McLaren still 'digging' to solve Sainz cooling issues


McLaren has yet to identify the source of the cooling issues impacting Carlos Sainz's car since Silverstone, despite a chassis change that has not solved the problem.

Last weekend, Sainz's MCL35 was running several degrees hotter than the sister car of Lando Norris, forcing the team to open up the MCL35's cooling ducts, a change that impacted the McLaren's aerodynamics.

Having failed to trace the source of the issue, McLaren rebuilt Sainz's car around a new monocoque. Unfortunately to no avail.

"At the moment, we haven't really solved the issue," Sainz said after Friday's practice at Barcelona.

"We still see some discrepancies across the two cars, especially with my car obviously we're having to run still with more cooling on the car, which costs quite a lot of lap time around here.


"So still not fully into the bottom of the problem. We still need to keep searching because at the moment it's a big question mark that we haven't found. And we've changed pretty much everything on the car.

"We're starting to run out of things to try, and hopefully we can find the last thing or the main thing, which will give us a final answer, but at the moment, it's tricky.

"It means that going into tomorrow we still need to do a lot of work, a lot of analysis, and see what else can we change, but we are nearly at the limit of all the things that we've changed, so we still need to keep digging and keep finding stuff."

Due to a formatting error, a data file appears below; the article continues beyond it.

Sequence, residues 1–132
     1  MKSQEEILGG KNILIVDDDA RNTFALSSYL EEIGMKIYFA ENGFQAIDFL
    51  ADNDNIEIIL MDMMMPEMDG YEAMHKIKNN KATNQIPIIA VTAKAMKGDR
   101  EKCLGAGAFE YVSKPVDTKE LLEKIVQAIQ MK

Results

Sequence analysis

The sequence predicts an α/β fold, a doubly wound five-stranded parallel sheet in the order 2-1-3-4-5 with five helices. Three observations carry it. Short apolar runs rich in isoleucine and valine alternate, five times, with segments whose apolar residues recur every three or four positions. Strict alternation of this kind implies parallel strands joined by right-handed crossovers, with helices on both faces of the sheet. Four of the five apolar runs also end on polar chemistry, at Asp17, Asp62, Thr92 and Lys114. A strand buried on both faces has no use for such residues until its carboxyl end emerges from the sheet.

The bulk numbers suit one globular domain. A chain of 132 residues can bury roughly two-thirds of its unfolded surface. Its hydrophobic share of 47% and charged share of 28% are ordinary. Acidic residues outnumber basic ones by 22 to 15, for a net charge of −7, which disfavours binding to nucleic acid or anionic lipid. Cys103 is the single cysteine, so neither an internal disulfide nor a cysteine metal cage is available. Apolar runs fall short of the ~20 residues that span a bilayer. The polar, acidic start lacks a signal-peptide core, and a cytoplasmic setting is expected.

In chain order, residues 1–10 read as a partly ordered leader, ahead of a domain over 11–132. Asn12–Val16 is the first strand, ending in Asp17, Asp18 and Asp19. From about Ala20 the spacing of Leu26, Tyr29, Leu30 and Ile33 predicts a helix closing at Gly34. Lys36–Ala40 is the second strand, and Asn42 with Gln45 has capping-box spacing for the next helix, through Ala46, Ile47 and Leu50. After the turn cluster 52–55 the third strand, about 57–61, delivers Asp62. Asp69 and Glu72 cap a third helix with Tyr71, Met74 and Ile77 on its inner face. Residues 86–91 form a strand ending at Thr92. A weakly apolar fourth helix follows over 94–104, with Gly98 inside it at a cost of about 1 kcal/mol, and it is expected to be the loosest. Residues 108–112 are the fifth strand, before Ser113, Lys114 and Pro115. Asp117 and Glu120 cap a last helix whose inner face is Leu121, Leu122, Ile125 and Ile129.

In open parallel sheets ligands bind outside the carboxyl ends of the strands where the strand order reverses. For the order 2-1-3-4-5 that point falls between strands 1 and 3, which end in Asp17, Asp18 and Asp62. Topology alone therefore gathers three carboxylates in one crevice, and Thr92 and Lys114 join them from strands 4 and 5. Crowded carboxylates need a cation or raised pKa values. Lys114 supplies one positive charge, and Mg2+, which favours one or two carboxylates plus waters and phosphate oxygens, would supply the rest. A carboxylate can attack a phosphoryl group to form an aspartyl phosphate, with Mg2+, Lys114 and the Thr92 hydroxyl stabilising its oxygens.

Sainz registered the seventh fastest time in yesterday afternoon's FP2, a session during which no tyre blistering was noted in the scorching conditions, although the Spanbiard still had to contend with a fair amount of degradation.

"We don't see the blistering we saw in Silverstone so there's potentially a bit more scope on the tyres, a bit more margin," he explained.

"But we do see quite a lot of degradation, we see quite a lot of overheating on the tyres.

"So it's gonna be a tricky weekend, and at the moment we are still not on top of the issues we have on the tyres, and we want to keep improving for the race.

"We still need to finalise the strategy to see what we can do, because at the moment, it looks like it could be a very tough race.

"The single lap pace was not that bad. The long run pace needs a lot of work because we see teams like Renault and Racing Point running quicker than us, on sustainable runs."

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